Pairing an Emcee and Producer that don't normally hang together isn't a brand new idea. They might make a song together, or even a whole album; however, creating an entire night of brand new music is certainly something different and special. When I saw that the ever charismatic and somewhat underrated emcee Jeswon from the Thundamentals would be teaming up with the Obese producer Chasm (Astronomy Class) for this special, one off performance I was intrigued and excited! They don't have any songs together exclusively as of yet, so anything that they came up with would be something we had never heard before. I was interested to see how the night would go since I'm pretty sure no one had done anything like this before.
By the time I got there the party was in full swing. It was a late night, about quarter to one when I arrived. The Tongue was on the DJ tip. Another mix up for the evening, an Emcee to DJ crossover, a somewhat rare phenomenon. The atmosphere at this point was energetic and the crowd was getting hyped up. Since it was late those who like to indulge were just about at the point of getting smashed, although not yet getting cut off from the bar.
Jeswon and Chasm took the stage and I still didn't know what to expect. I can't remember what the first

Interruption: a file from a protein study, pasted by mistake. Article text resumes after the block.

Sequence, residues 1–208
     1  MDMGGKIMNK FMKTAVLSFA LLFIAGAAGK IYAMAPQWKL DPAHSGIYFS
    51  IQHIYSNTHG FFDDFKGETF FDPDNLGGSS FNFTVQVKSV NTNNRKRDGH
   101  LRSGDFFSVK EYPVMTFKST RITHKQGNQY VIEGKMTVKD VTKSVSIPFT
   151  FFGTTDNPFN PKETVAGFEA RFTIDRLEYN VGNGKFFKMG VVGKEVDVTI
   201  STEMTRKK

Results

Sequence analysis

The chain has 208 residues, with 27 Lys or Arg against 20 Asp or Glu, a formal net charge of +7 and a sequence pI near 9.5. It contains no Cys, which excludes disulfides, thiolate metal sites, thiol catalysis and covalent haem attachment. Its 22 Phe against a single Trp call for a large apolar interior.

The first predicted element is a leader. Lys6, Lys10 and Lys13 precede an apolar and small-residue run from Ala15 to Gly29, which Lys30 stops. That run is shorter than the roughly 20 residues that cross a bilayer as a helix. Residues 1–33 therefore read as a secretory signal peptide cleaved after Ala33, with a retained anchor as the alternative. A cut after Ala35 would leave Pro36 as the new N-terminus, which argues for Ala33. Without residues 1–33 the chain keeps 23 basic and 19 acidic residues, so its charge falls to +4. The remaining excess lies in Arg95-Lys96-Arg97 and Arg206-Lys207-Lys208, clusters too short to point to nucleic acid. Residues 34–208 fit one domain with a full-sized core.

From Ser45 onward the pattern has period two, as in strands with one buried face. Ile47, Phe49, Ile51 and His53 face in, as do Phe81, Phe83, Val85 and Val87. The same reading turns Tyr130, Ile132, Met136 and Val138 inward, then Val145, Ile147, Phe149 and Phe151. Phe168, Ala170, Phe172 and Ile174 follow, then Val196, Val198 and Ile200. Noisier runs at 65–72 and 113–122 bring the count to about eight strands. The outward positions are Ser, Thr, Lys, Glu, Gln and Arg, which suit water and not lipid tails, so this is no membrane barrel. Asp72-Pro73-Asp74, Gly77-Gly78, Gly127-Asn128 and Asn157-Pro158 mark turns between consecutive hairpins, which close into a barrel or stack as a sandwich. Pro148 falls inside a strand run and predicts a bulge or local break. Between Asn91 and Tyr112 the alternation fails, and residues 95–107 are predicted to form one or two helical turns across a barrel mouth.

The hype video for the night had it looking like it would be a boxing match, an epic battle of wits and strength, pitting Emcee and Producer against each other so that only one could come out victorious. In fact it was truly the opposite. The whole night, which the Big Villagers have dubbed Killa Combo, glorifies that spirit of collaboration and unity which is an integral part of hip hop. It transcends the artificial boundaries created by labels and crews that drive wedges between us. I think Sydney in particular has a problem with unity among the hip hop community. I'm saying this as sort of an outsider looking in still. I have only been in Sydney for about 2 and a half years now, so I can only tell you what I have seen and felt with my brief experience in looking in on and being a part of this community. What I see from the northern beaches to Maroubra and then the inner west all the way out to the west, both north and south, there are so many different cliques and crews, and they tend to stick with their own people. I haven't even had a chance to experience most of the hip hop in this city because of this segregation. Hopefully nights like this can help to change that, and bring us all closer together. Although we would have to work on it a lot more, a night like this has already started the process of bringing different crews together.